Don’t grope in the dark, don’t trade setbacks for progress. This guide provides some of the best work lighs for your workshop or workplace.
Working in the dark definitely hinders progress. It tires your eyes and brain. Plus, when you have to repeat something because you can’t see clearly the first time, it increases the workload on your body. Instead, install the best work lights in your workshop or workplace. Whether you keep the light under a cabinet, on the hood of your car, or in a dimly lit corner of the room, a good work light is always a welcome work mate.
The best work lights have stands or hooks, and some are designed to be handheld. They sparkle where you can’t see and help you complete a project correctly and efficiently. This guide will help you choose the best work light for your needs.
Popular Types of Work Lights
There’s no need to remain in the dark about the best work lights. There are plenty of options on the market that will work well for your needs, so bone up on these important tools and their available styles so you can choose the right one for the project you’re working on.
Handheld work lights are much like flashlights in that they are small and bright, making it easy to get into tight spaces with a crew. However, they differ in that work lights project a broad, unfocused beam of light that illuminates the entire work area, while flashlights tend to focus the beam on a small area.
However, it’s not always convenient to have a work light in hand. If you need to use two hands for a project, some of the best handheld work lights have hooks or magnets that make it easy to hang them overhead or somewhere in your work area.
These work lights are perfect for plumbing work under the cupboard, car maintenance work under the hood of your car, or even simply as a flashlight replacement when needed. They usually don’t light up a large workspace effectively.
Those working on larger projects will enjoy the convenience of a work light with a freestanding stand. Workers and DIYers can set up work lights almost anywhere they can find a reasonably flat surface to cast a wide beam in large spaces. These models sometimes have two or three lights mounted on a stand so that the lights can be placed in the center of the room and cast light wherever needed.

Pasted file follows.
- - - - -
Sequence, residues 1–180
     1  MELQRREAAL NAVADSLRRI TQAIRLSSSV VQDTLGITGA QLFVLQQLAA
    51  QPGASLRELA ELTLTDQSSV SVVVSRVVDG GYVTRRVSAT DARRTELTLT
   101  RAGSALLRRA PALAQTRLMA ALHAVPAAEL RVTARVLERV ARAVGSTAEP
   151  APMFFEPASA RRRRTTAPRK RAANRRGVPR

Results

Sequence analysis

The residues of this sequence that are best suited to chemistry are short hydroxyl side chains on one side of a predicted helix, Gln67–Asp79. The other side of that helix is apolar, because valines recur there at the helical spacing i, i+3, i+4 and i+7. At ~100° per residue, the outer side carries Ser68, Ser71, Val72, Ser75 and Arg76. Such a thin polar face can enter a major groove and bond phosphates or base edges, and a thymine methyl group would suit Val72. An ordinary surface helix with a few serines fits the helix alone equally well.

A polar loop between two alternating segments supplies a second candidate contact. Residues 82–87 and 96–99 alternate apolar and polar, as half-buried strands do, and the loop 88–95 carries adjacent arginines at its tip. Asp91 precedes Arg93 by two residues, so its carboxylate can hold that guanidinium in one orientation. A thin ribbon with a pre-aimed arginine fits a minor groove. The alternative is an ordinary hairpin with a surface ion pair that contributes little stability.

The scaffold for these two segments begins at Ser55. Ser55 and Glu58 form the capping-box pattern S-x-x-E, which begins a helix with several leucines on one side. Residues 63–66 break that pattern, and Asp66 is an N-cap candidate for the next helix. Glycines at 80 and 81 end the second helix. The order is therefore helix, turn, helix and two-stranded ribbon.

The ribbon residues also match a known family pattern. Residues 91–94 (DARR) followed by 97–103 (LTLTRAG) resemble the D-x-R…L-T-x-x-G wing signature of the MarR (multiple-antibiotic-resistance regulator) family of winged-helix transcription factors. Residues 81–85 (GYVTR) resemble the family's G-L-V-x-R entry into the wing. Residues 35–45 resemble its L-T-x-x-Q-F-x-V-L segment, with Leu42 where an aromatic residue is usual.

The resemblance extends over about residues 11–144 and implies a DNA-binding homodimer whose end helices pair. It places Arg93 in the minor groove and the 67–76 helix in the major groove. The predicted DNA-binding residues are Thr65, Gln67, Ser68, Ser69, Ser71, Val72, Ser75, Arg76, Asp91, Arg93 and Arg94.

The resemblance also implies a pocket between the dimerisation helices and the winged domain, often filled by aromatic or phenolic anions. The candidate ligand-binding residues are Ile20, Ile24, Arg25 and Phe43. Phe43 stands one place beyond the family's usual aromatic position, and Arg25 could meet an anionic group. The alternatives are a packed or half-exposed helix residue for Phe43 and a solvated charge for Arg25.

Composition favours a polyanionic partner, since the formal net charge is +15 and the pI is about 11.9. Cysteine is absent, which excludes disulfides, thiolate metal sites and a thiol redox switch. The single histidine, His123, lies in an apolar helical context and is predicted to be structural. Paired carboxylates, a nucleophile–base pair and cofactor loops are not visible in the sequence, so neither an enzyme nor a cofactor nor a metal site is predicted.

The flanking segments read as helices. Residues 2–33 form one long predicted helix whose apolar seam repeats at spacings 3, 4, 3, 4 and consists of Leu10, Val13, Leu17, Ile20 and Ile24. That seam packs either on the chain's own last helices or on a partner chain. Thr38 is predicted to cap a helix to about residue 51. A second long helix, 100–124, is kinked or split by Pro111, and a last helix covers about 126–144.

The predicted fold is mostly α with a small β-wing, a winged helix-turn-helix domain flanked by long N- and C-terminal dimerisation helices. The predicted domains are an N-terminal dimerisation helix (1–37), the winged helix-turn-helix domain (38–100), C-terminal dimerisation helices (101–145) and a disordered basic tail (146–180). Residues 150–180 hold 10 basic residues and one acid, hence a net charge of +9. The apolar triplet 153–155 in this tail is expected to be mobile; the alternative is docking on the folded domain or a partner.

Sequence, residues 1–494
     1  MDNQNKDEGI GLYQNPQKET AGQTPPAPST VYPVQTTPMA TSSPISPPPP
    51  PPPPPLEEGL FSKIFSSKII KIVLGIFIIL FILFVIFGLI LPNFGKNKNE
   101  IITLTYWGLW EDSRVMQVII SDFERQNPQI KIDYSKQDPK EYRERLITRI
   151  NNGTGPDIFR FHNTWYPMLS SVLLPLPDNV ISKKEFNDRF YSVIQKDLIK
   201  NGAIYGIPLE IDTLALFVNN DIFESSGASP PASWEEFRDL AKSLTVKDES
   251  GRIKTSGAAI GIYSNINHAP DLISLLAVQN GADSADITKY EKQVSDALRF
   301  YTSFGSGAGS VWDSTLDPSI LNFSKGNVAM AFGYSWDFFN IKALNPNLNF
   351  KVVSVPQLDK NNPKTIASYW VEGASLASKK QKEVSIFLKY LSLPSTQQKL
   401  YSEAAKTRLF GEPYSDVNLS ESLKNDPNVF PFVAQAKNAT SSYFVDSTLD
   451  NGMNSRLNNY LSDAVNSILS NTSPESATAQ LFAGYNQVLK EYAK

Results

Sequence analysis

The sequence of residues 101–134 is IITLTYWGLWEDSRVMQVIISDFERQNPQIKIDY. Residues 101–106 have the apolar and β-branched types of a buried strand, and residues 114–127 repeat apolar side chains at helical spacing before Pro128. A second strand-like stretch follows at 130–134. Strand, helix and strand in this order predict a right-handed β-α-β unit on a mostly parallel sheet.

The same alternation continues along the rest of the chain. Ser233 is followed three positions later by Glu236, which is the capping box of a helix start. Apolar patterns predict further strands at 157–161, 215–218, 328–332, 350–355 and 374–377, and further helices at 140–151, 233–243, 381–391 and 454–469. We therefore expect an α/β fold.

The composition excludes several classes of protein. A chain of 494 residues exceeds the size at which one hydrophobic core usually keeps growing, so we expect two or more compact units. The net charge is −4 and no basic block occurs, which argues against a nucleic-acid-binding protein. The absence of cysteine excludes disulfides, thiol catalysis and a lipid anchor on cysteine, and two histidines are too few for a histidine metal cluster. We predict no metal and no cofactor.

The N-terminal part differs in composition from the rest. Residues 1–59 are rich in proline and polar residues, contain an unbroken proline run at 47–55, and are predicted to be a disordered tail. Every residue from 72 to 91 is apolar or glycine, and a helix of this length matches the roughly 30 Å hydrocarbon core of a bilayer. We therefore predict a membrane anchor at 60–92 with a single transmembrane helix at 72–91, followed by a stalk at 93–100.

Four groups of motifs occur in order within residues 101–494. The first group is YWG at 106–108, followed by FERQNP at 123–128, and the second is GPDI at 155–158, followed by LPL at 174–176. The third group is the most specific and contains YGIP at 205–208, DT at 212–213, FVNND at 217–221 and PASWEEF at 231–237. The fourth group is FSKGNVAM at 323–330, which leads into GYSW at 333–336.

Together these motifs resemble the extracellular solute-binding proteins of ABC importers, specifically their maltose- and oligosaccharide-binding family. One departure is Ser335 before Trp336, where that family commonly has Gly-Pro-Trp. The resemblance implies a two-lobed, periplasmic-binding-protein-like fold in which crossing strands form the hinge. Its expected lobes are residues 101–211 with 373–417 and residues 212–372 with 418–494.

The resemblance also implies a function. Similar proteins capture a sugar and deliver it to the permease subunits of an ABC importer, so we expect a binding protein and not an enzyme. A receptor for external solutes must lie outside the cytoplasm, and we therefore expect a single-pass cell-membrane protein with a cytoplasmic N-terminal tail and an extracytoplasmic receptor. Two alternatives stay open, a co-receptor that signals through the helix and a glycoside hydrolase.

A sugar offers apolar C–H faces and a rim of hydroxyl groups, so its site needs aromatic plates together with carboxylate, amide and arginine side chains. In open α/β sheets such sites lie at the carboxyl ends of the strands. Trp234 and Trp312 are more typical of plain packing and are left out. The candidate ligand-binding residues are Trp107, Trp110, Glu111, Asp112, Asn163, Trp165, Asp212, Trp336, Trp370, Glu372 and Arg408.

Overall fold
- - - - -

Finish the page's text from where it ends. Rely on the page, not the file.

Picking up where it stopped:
These work lights are perfect for large construction projects, such as renovations, or even for lighting when foundations are being excavated. They also work well in the workshop if placed correctly so they don’t glow in your eyes.
It also helps to understand what to look for in the best work lights, given the type of light. Here are some shopping considerations when deciding from the wide range of work lights on the market. From the type of item to the power source, shoppers will have a good idea of when they need it as they consider their lighting needs and desired features.
Type of Project
Some lights work better than others for certain types of projects. The type of large project you are working on or general task lighting needs should take into account the choice of task lighting. For larger projects with open spaces, freestanding work lights are the best option. These powerful lights cast broad beams that illuminate a large room or even an entire floor on a construction site before the drywall is erected.
For technicians, those who work in the attic or basement, and mechanics, it’s a good idea to have a small handheld work light that’s easy to take anywhere. It is not practical to drag a tripod up a ladder or climb down.
Working conditions are definitely a factor. That doesn’t just mean the weather, although it’s a factor to consider. Water and dust resistant work lights are important when you are working outdoors, as these factors can destroy easily permeable work lights.
Besides the weather, the job location may dictate the best work lighting. For projects without electricity, this light requires electricity, either a built-in battery or a generator. While there are some battery-operated upright work lights, usually only the smaller hand-held work lights come with rechargeable batteries.
However, if electricity is available but lighting is scarce, a standalone work light is the best option to provide as much light as possible. Depending on the task at hand, many jobs require a mix of handheld and self-contained stands.
It can be difficult to work with handheld lights that are too bright or free-standing lights that are too dim. The bright hand-held light can temporarily blind the user with every slight operator error. A dim freestanding light had to be moved closer to the task, which negated the convenience of having it in the center of the room.
LED bulbs measure brightness in lumens. The best handheld work lights have between 250 and 600 lumens, with 500 lumens right around the sweet spot. Some handheld work lights are adjustable, making them perfect for most situations.